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Off to The NYSE For Red Hat

It's a Red Hat day in New York. Red Hat CEO Matthew Szulik will ring the bell to open the NYSE while a big red hat sits out front. Welcome to the NYSE.

The NYSE will be going all out to market the arrival of Red Hat on the big board. The exchange will adorn its façade with a 10-foot fedora, light up Times Square with Red Hat's logo and place ads on New York City taxicabs and investor publications.

Linux leader Red Hat had been on the rival NASDAQ exchange since its IPO in 1999. But starting today, it will take up residence on the NYSE, a move that challenges the conventional wisdom that the NASDAQ is the predominant exchange for technology companies.

"You generally associate NASDAQ with technology, and NYSE wants to change that, with emerging technology companies like salesforce.com already on NYSE and now Red Hat," Dion Cornett, vice president of investor relations at Red Hat, told internetnews.com. "Next-generation types like us are on NYSE and the legacy guys like Oracle and Microsoft get left behind on NASDAQ."

Cornett said that the NYSE first solicited Red Hat to make the move, which is expected to give the company a higher degree of visibility than it had on NASDAQ.

"We never could get the same level of visibility on the NASDAQ given the dominance of Microsoft there, that we believe we will get on the New York Stock Exchange."

Cornett expects that the move to the NYSE will also help reduce the stock's volatility, and thus make more money, because of the way the exchange operates.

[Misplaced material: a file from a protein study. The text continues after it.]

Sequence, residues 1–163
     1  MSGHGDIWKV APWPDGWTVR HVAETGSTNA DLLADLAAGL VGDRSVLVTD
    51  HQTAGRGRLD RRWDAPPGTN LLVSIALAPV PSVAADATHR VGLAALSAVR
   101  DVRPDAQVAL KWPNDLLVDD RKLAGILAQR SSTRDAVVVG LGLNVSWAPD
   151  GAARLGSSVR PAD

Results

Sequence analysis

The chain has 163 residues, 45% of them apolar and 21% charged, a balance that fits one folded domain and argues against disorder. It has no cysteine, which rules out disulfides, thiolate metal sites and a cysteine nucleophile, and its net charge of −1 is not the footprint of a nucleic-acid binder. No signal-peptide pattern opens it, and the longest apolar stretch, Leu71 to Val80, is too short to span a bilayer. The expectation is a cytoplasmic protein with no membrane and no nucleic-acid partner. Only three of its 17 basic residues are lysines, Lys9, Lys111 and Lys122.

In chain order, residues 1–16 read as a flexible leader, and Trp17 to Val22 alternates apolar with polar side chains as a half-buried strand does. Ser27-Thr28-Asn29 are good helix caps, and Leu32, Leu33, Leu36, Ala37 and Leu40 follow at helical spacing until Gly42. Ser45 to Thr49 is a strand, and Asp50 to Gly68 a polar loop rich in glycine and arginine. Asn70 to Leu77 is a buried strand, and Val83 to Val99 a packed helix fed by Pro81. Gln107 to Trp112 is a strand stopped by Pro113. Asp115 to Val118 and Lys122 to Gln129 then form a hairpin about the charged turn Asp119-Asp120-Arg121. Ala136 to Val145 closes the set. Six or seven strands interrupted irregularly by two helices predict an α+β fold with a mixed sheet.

In recent weeks the company has been hit by the double whammy of Oracle announcing it would undercut Red Hat and then Novell teaming with Microsoft a week later.

"On the NYSE trading happens by specialists that are dedicated firms that are responsible for individual names and they act as a buffer for trading activity around a particular stock," Cornett explained. "On the NASDAQ, in our case, we had as many as 30 market makers all moving in and out of the stock. You end up with higher volatility, bigger swings in the stock and more rapid fluctuations."

The idea is that if Red Hat can reduce its volatility it can also reduce its expenses.

The move to the NYSE may also yield a technological win for Red Hat. According to Cornett the NYSE is in the process of upgrading all their IT systems.

"They have a large number of ancient boxes running throughout their infrastructure. We're very optimistic that as part of their modernization that Red Hat will have a very significant role in that effort."

The move to the NYSE should not be seen as a slap in the face to the NASDAQ. Cornett noted that Red Hat has had a very healthy relationship with the NASDAQ since its initial public offering in 1999.

"It's just that the opportunity to be with the brand leader of all the global exchanges with a significant boost in terms of visibility and a marketing push was just an offer too good to refuse."